A piece published on the website of Justice for Men & Boys (and the women who love them), the political party of which I’m the chairman, in January 2016:
Our thanks to Mike for this. Louisa Symington-Mills answers questions on work and business for Telegraph Women. A woman sent in the following question:
Last week, I found out that I’d achieved my dream promotion – one I’d been pursuing for ages. But then someone at work told me that I’d only got it because I’m female, and my company was just trying to reach a diversity target. I’m absolutely gutted – and to make things worse, apparently this is common knowledge. I feel like a complete fraud – what should I do?
Ms Symington-Mills’s utterly shameless response includes these gems, I’ve added a few comments:
Gender diversity targets are now a reality for many businesses, and – I’m sorry to say this in view of your personal experience – rightly so. Doing nothing isn’t an option. [It IS an option, and a damned sensible one, too.]
We’re in 2016, and the number of women on the boards of the largest 250 companies floated on the UK stock market still stands at less than 20 per cent. [Given the causal link between increasing female representation on boards and corporate financial performance decline, it would be utter madness to increase the proportion of women even further. So that’s precisely what the government is bullying major companies to do. FTSE350 companies are being bullied to ‘voluntarily’ reach a target of one-third of their board directors being female by 2020, under the threat of gender quotas legislation, if they don’t meet the target.]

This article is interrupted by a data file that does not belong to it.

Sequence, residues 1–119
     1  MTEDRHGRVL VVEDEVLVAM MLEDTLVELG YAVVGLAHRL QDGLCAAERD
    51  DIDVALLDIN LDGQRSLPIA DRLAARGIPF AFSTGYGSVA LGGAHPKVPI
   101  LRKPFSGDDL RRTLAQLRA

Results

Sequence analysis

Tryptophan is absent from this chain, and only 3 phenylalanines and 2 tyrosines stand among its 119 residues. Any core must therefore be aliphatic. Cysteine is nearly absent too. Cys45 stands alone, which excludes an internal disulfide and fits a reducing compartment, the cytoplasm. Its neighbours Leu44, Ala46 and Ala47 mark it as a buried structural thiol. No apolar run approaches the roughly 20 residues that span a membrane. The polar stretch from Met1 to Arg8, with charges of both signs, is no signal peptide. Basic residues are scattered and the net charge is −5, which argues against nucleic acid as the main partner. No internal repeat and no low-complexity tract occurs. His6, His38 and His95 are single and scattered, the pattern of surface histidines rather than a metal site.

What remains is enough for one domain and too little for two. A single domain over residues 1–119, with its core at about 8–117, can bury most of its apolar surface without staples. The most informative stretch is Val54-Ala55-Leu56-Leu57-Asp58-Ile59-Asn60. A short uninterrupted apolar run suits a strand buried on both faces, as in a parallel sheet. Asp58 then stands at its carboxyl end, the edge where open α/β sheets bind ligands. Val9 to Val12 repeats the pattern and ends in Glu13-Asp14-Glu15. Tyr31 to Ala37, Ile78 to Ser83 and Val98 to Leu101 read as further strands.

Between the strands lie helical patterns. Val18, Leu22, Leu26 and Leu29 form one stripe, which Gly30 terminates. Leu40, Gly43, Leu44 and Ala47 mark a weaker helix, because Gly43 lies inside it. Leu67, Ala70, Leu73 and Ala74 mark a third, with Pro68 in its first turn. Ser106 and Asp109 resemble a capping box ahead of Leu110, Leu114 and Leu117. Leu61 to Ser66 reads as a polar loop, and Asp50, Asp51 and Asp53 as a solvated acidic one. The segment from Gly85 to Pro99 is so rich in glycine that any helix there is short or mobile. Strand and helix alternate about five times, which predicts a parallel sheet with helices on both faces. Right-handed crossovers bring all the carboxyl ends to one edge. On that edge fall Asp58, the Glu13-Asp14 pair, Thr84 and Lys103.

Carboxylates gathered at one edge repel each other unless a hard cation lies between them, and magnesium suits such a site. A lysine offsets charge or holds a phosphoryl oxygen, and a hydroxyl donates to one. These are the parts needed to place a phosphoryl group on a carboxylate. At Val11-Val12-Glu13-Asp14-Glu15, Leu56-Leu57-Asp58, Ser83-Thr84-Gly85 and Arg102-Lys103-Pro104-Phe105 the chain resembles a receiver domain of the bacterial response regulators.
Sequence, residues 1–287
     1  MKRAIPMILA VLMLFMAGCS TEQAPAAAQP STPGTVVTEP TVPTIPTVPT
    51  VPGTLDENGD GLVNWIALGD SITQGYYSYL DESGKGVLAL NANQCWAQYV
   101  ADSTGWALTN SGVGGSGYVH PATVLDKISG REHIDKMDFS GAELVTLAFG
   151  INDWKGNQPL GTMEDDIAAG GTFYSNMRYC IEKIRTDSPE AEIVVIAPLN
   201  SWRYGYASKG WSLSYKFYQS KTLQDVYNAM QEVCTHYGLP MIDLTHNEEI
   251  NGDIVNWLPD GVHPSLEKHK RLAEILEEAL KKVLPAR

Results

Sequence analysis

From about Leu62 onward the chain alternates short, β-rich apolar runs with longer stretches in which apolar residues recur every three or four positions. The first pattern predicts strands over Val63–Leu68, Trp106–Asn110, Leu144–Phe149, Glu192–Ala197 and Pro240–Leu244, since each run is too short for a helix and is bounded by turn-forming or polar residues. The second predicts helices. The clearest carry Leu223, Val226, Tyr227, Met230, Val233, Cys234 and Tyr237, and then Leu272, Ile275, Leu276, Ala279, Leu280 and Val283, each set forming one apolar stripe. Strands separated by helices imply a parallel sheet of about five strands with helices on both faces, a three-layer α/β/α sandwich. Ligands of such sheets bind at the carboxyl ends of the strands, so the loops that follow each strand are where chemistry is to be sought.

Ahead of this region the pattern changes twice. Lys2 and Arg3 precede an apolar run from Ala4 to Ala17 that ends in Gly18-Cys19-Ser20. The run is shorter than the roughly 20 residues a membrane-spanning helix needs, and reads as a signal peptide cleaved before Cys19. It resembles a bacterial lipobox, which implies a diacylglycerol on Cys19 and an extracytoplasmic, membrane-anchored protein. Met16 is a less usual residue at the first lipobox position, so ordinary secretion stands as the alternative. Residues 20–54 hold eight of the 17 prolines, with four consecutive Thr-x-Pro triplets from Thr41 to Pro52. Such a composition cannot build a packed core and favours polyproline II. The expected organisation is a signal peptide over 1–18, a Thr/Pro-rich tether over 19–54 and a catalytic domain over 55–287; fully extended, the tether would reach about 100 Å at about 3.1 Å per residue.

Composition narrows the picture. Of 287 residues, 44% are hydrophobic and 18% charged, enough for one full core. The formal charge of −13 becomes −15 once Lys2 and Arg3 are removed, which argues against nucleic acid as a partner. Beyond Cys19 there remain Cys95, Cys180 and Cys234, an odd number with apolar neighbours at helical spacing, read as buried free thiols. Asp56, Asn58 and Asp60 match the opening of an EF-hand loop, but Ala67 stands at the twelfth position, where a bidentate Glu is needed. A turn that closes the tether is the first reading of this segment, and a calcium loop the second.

Encouraging [bullying] companies to seek better a gender balance voluntarily [voluntarily – hahahahahahahaha!!! ‘Hand me over your wallet voluntarily, or I’ll knife you in the stomach. Thank you, very kind!’] across all levels of their organisation, [other than the lowest levels, obviously] using targets, should in theory be the most sustainable way to reach the ultimate goal of gender parity at work… [even though the ultimate goal is feminist-inspired and therefore, by definition, STOOOOOOOOOPID.]
Even if the fact that you’re a woman became relevant to the assessor making the promotion decision, that doesn’t automatically mean that your performance, skills and business contribution weren’t relevant… [Not ‘relevant’? Could the bar to female advancement in the workplace be any lower?]
Even if your gender was indeed relevant to the promotion, I cannot imagine why anyone in possession of such a fact would feel compelled to share it with you, or indeed anyone else, if they were filled only with good intentions. [‘Your employer should delude you as to your abilities, and pretend you got the promotion on merit. Then you’ll feel less anxious, won’t you? That’s far more important than gaining self-knowledge, and building competence and resilience.’]
If this is a deliberate attempt on the part of the person that shared this information to derail you as you move onwards and upwards, don’t let that happen. Even if your initial assumption, that you’re a victim of tokenism, is correct – and I think it’s unlikely you’ll ever know for sure either way – you need to find a way to move on and banish the doubt.
So my advice to you is quite straightforward to write, but hard to implement: you need to dispel this comment from your mind, and own the promotion you fought for and have achieved. [‘You need to ignore the stark reality that you got a promotion rather than the man who deserved it more than you, on the sole grounds that he has a penis, and you have a vagina. What could be wrong with that? Now run along, you silly thing!’]
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